Is Art for the Climate?

In the age of information consumerism where even reading a relatively long Twitter thread is seen as an occupation, the art should be considered a top choice as a mean for communication in the fight against climate change. Emre Uzundağ writes on the relationship between art and climate change in the light of an exhibition he recently visited.

Text: Emre Uzundağ, [email protected]

The main point of all my articles is “What’s the relationship between individual responsibility and political consciousness in the fight against climate change? Can they coexist? Or is one more important than the other?” Back in December, I visited the exhibition “Counter-Landscapes: Performative Actions from the 1970s – Now” in Scottsdale, Arizona. Before my trip to the museum, I didn’t know that I could trace the tracks of these questions in a contemporary art museum that I could visit admission-free once in a month. (Let’s be honest that the name of the exhibition does not give you any clue!) The exhibition, as explained at SMoCA’s website, “presents a group of artists working in both natural and urban environments whose work exploits the power of place to address issues of social, environmental, and personal transformation”. This exhibition helped me question the role of the art in the fight against climate change. Should art represent an individual responsibility or political consciousness or in this specific case climate activism?

You can always see that the discussion of “what’s art?” as being framed around “Is art for pleasure or politics?” in the Turkish “national” education curriculum (This question has become an idiom over time in a system in which critical thinking is neither activated nor encouraged). This has been a hot discussion over the past year. In the age of accessibility, political activism which transcends age, education, identity and even class struggles is in rise. Forcing politicians to implement urgent climate policies is one of the main targets of this emerging political activism which some label as a trend. In this new environment, the role of the artist is being re-defined. Ozer Aydogan, a prominent Turkish cartoonist, captures the role of the artist the best. You may check out his works to see how the artist as an individual transformed in this new environment and trace the tension/overlap between the artist and the society.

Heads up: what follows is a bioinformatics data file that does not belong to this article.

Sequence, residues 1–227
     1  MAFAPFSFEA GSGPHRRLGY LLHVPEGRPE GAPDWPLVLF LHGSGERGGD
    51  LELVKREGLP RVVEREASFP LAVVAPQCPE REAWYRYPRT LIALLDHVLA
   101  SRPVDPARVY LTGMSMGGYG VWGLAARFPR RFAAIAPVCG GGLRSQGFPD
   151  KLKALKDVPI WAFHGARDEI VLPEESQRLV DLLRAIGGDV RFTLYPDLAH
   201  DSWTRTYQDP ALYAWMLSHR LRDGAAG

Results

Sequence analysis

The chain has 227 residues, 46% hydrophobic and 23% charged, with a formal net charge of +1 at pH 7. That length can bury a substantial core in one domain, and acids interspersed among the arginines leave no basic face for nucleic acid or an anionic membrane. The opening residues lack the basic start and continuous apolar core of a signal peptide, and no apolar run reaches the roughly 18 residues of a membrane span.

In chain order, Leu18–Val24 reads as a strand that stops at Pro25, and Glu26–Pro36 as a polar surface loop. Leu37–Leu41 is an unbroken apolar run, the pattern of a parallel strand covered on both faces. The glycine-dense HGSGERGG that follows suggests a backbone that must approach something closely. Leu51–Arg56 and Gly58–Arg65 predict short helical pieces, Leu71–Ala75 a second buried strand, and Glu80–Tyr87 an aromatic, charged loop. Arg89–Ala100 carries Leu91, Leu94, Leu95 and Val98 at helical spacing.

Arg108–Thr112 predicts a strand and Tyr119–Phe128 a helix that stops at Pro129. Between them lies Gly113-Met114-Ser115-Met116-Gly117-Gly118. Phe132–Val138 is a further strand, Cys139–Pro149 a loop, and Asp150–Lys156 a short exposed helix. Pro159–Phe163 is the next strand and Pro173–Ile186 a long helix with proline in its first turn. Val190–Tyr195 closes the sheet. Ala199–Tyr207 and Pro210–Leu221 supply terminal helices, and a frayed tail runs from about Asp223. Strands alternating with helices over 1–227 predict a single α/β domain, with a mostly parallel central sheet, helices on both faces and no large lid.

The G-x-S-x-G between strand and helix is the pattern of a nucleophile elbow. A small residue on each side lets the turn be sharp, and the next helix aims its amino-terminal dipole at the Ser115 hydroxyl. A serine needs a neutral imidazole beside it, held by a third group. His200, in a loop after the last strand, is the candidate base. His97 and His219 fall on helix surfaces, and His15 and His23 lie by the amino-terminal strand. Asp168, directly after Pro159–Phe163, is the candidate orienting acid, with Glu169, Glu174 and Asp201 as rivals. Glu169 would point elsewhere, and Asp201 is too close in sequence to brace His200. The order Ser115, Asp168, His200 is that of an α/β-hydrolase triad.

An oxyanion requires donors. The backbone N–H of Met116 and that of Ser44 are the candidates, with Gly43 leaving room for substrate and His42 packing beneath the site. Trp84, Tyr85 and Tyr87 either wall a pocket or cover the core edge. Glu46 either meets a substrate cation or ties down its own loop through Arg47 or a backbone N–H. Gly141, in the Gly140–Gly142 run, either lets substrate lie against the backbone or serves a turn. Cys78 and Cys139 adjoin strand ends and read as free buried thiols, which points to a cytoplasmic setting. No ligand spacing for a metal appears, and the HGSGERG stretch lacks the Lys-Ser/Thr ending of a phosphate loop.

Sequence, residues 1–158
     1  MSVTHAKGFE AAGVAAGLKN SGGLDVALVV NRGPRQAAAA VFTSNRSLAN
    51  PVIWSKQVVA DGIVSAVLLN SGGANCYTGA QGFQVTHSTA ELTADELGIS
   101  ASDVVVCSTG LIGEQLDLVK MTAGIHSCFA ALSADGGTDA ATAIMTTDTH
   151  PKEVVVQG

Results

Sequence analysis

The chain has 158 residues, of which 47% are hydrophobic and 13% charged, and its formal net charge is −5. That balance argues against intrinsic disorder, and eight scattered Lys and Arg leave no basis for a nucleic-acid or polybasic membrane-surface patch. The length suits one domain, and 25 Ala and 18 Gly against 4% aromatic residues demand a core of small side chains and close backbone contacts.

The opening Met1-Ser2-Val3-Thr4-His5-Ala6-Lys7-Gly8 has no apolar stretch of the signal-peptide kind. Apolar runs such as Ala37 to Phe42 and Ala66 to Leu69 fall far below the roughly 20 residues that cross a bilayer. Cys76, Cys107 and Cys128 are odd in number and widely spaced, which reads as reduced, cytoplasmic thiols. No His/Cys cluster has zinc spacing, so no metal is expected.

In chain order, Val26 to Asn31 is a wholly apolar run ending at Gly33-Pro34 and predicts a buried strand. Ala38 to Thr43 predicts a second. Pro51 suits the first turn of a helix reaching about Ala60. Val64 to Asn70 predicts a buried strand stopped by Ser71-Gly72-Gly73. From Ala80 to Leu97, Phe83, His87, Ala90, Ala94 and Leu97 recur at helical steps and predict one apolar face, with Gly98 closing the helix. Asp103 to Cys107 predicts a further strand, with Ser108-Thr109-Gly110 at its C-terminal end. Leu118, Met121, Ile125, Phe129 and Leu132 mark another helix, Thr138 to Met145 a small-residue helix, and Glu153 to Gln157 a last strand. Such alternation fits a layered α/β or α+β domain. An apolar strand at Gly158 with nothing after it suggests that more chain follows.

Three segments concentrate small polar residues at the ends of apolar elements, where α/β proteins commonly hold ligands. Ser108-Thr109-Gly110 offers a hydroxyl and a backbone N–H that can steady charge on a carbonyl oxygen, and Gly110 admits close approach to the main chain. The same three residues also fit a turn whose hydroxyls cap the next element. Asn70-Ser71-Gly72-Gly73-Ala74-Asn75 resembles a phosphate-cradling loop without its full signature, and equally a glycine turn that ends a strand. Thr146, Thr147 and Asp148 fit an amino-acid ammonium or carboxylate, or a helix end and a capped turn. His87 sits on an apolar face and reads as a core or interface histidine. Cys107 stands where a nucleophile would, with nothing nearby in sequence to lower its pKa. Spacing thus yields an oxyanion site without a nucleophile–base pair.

Jennifer McCabe, the curator of “Counter-Landscapes: Performative Actions from the 1970s – Now” perfectly puts into perspective what I was trying to say in two paragraphs. “The power of art is that by captivating attention visually, artists can address issues that might otherwise be polarizing.” McCabe takes Sarah Cameron Sunde’s work which was inspired by the devastating Hurricane Sandy showing the vulnerability of seemingly an indestructible city as an example: “One example would be the work by Sarah Cameron Sunde in which she stands in tidal zones around the world — in cities that will be effected by rising tides — for durational performances. Over the course of 12 hours, the ocean rises to her neck and then recedes. As an artwork gets disseminated into the world that individual voice amplifies and can reach an enormous amount of people.” McCabe says the exhibition “demonstrates how artists have been concerned with the environment for over 50 years,” and adds that “some works are directly about climate activism and hopefully those encourage viewers to think more deeply about the realities of our planet.”